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Fair trade Statement Human Pace and Devina Pralines

(Strategic business partner Devina Pralines NV)

www.devina-chocolates.com  

 

 

Fair trade is probably a concept everybody would like to embrace when talking of his own product. We are embarrassed when we hear that child labour, bad working conditions or unreasonably long working days are the foundation of our range of products we seem to be so proud of. We tend to shut our eyes and turn a deaf ear to mishaps somewhere in our product chain. It is not our first line responsibility and different cultures, long distances, strange languages and unknown currency, conveniently conceal a truth staring you in the face. We do not appreciate of it, we actually abhor it but it is beyond our scope and beyond our control. 

Fair trade should be the standard and non-fair trade the exception to be dealt with and eradicated. Yet we live in a different world. A world full of contradictions and opposing targets. Specialists have a thorough understanding of what they do but most of the time they do not have a clue of what others contribute to their ideas, concepts or half products. It is all pigeon hole thinking and narrowly framed added value that will in the end result in a consumer good, and even the word good seems to be a presupposition that will not always fall into place. 

To be honest though fair trade is not easy to arrive at. Fair trade deals with our own actions but also with the point of view, the business decisions and the profit of our colleague participants in our product chain. Only when all the parties involved agree in working together fair trade can be achieved. The West European organisation that is faced with suppliers that do not see any future benefits in doing business on a fair trade level, can be very sincere and well-intended but will end up with a product not labelled ‘fair trade.’ 

 

 

Devina a well-known producer of chocolate products in Belgium and the Netherlands, with more than 45 years of experience, and with all of their products handmade, has expressed the wish to present the end customer with a fair trade product line. Having the cacao bean from the root countries Ghana and Ivory Coast as the most important basic material of the Devina praline it is not easy to pursue a fair trade goal. Ghana and Ivory coast have different cultures, are most of the time out of our sight and we do not known what happens on the cacao plantations. A weak spot when Devina has stated that fair trade is one of her most valued product qualities. Fair trade is meddlesome in the sense that the whole of the product chain, from the very source to the end customer, is under scrutiny.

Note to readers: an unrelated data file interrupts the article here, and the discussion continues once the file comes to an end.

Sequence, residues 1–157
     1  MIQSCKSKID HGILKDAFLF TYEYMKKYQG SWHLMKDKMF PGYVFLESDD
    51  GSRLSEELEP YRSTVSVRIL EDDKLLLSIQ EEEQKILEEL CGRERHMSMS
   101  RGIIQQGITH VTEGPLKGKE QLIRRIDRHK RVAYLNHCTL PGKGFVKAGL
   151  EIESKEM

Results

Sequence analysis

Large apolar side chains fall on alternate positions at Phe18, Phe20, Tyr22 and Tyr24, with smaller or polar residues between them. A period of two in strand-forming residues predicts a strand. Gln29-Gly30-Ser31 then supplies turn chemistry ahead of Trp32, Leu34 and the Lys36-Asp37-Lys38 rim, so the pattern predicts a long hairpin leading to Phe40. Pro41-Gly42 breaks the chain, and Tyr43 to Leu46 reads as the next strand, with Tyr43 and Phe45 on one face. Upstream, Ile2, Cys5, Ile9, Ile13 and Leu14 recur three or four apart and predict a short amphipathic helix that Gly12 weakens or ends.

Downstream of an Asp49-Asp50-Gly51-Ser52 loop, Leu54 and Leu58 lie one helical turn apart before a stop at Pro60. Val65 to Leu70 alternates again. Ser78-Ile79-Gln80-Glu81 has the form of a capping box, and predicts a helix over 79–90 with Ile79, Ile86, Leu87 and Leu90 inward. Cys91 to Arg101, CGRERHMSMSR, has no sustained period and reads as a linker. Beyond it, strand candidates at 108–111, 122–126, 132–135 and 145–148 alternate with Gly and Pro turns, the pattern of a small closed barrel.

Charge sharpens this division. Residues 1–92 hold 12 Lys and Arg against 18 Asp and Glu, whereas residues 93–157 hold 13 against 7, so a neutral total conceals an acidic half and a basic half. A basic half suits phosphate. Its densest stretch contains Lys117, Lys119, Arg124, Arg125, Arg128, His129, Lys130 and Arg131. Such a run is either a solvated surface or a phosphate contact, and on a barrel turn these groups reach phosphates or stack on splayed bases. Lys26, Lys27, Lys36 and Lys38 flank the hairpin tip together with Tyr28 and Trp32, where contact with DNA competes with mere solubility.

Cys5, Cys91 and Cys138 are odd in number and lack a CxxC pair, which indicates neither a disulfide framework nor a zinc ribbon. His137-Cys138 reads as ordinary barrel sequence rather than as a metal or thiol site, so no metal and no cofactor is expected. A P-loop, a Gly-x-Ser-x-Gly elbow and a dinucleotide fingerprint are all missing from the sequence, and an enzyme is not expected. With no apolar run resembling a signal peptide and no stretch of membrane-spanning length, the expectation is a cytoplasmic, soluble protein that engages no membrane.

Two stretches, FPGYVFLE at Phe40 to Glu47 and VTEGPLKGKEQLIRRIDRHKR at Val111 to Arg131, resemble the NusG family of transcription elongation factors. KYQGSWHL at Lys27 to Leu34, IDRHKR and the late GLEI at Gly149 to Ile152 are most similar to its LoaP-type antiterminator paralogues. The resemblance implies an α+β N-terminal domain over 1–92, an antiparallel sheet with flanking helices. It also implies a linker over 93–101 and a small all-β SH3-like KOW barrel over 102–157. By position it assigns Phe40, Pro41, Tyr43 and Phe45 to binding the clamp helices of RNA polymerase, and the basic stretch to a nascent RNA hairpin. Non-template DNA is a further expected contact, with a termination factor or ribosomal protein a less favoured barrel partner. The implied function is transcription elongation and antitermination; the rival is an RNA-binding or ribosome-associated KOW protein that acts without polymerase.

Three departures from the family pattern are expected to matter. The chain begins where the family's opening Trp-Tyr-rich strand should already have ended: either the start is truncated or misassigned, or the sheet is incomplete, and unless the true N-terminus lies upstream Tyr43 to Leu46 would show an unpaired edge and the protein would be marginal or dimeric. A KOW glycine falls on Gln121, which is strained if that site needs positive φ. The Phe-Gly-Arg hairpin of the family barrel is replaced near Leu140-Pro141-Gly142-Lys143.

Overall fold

The cacao farmer should not allow children to work for him. Long hours a day must be evaluated, workers should have a decent income and decent housing. The farmer himself should have enough earnings to grow and allow others to enjoy better working conditions. Even when the farmer doesn’t agree right away we should explain to him that it is not good to exploit the employees. Better housing and nutrition will result in healthier employees, motivated employees, more turnover and more profit. 

Fair trade should cover all links of the product chain. It is not enough when the chocolatier takes care of his own people and allows decent wages and working conditions. He has to verify the origin of all his basic and non-basic material. Where does it come from and how is the business handled at the supplier’s place. Full traceability even goes one step further and wants to verify the supplier of the supplier and the material used by all the parties. Good intentions are appreciated but will mean nothing in dealing with fair trade labelling. Whenever we cannot prove it on paper it is not there. 

To register is to master the link, be it a supplier or a supplier’s supplier. 

Together with her faithful supplier Barry Callebaut Devina has taken up the responsibility to produce fair trade pralines. At the moment more than 15 different tastes have been labelled ‘fair trade.’ It is from a genuine believe that fair trade will in the end enable all contributors of the chocolate chain to earn a good living. The customer will, however, be the judge or the saviour. She/he will speak and decide which product is to be favoured; the one which is slightly cheaper but incorporates the ancient idea of child labour, or the ‘fair trade’ product because our world is a mirror of what we do and who we are.  

But as stated at the beginning nobody wants to produce a product that wilfully embraces and maintains child labour, disproportionable work pressure and extremely long working days. Unhealthy workers, epidemics because of poor health, economic pressure thwarting all school aspirations and keeping the employees at an analphabetic and uneducated level of existence. Fair trade is something to be proud of because it portrays that all links in the production chain agree on working together to adhieve an acceptable standard of living. 

 

 

Doing business with heart in mind